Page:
Android Auto is now available for all cars

Alex Kidman 8 November 2016

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Google has opened up its automotive OS to any vehicle via an Android smartphone.

As the name suggests, Android Auto is Google’s take on a car-centric version of Android, focusing on the key tasks that you’d want to perform while driving, such as navigation and music playback. It’s a direct rival to Apple’s CarPlay system, as well as the first-party dashboard systems used by specific car manufacturers (although many of them also offer options for Android Auto or CarPlay systems in their vehicles).

Embedded is the problematic term there, however, as unless you’re buying a car with Android Auto built in, there was no easy way until today to actually experience it in your vehicle. Google has announced that it’s making Android Auto available to anyone with a phone running Android 5.0 or better, which means that everything from a CarPlay-equipped luxury sedan purchased today to that rusty old clanger you’ve been driving for a decade can run Android Auto, at least in theory.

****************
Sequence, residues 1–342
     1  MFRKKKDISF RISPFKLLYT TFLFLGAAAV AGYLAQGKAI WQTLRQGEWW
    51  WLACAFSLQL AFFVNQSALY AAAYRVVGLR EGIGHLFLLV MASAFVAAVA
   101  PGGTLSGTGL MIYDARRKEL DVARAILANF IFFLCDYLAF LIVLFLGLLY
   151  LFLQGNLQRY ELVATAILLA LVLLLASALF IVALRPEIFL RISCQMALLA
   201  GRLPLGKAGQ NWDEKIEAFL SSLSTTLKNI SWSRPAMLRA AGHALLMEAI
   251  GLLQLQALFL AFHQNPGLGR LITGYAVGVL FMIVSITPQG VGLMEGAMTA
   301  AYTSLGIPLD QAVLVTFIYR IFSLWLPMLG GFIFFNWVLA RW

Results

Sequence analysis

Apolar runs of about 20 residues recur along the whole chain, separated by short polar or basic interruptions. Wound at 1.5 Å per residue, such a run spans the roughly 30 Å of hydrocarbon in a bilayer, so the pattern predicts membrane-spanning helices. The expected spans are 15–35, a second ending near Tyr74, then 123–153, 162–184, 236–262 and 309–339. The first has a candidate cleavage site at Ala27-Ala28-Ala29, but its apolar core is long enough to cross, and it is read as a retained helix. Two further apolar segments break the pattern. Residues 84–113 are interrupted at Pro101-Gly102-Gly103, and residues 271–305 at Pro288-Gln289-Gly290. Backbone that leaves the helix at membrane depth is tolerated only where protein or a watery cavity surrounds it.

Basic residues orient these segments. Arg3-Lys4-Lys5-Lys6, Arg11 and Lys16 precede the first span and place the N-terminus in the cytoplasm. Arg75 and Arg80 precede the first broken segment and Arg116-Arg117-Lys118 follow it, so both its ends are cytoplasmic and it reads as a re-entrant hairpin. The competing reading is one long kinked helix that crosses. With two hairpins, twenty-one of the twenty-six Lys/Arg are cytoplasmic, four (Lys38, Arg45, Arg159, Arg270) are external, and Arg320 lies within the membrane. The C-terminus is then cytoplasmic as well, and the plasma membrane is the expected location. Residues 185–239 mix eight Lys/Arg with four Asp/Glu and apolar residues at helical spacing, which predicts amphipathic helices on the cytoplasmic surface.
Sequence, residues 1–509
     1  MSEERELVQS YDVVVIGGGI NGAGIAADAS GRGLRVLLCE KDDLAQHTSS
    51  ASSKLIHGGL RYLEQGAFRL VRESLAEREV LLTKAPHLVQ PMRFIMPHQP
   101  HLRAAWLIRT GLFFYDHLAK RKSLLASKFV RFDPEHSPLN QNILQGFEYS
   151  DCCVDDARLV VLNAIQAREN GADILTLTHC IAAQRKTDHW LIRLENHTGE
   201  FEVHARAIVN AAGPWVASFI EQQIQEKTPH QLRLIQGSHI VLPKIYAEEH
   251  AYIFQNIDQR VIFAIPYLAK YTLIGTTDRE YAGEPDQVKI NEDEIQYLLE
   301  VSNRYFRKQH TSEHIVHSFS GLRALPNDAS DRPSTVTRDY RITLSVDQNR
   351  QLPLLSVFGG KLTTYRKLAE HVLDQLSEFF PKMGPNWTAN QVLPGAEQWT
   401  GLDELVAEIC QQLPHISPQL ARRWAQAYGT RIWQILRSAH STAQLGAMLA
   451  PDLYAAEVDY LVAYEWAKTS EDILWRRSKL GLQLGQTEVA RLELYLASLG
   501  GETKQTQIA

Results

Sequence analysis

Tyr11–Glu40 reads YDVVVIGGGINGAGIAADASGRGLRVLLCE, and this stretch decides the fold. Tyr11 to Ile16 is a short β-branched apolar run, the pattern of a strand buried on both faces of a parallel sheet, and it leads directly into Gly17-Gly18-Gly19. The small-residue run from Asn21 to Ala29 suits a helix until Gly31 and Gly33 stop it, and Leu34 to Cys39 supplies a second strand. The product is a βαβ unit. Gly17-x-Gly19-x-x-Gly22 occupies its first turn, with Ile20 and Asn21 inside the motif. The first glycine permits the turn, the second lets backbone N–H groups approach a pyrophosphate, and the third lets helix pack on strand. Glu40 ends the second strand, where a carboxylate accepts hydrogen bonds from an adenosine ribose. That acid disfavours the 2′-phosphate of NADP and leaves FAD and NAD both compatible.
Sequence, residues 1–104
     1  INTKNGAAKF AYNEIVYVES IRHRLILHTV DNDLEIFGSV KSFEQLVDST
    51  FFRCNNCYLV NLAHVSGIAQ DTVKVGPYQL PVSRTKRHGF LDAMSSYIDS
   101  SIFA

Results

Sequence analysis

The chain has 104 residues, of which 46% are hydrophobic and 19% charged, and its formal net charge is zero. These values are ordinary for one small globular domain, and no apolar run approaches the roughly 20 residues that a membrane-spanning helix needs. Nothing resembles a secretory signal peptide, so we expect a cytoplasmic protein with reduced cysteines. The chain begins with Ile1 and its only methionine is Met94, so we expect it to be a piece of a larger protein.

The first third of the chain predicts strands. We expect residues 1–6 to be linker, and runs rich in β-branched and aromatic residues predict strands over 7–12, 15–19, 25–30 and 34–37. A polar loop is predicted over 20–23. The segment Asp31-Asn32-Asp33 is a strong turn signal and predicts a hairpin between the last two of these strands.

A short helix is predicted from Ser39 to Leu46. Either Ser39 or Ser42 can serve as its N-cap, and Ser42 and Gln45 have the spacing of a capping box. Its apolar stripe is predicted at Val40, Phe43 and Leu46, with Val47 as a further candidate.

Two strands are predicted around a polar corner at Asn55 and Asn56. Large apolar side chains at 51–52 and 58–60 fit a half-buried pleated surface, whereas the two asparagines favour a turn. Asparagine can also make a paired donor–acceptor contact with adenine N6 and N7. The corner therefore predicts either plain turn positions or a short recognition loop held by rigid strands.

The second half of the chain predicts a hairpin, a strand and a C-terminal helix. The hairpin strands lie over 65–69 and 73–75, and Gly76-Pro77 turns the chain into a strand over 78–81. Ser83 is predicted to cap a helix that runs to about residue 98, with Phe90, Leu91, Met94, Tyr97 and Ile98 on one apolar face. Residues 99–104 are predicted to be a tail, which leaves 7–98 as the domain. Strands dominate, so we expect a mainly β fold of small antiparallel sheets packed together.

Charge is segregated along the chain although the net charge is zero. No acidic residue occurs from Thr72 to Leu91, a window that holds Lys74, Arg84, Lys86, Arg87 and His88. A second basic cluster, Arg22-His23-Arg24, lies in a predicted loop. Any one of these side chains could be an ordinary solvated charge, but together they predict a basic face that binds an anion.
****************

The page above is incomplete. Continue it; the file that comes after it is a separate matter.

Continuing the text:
Google says that Android Auto will be rolling out "in the coming days" to over 30 countries, and at the time of writing it appears to be available in Australia, although as is often the case with Android, not every phone will support it. If you can’t find it on a search of your Android 5.0 or better phone, it’s likely that you’re on an unsupported device.

The new update is designed to work with Bluetooth-enabled cars (which probably eliminates your rusty clunker) to automatically start the app when paired, with Google suggesting that interested customers invest in a Bluetooth-enabled car mount in order to use Android Auto. It’s worth remembering in Australia it’s a general requirement of using a smartphone as the driver that it’s placed in a hands-free mount in any case. Also bear in mind that Android Auto’s services rely on a data connection to work, so it may be worth keeping an eye on your data usage to avoid excess data charges.

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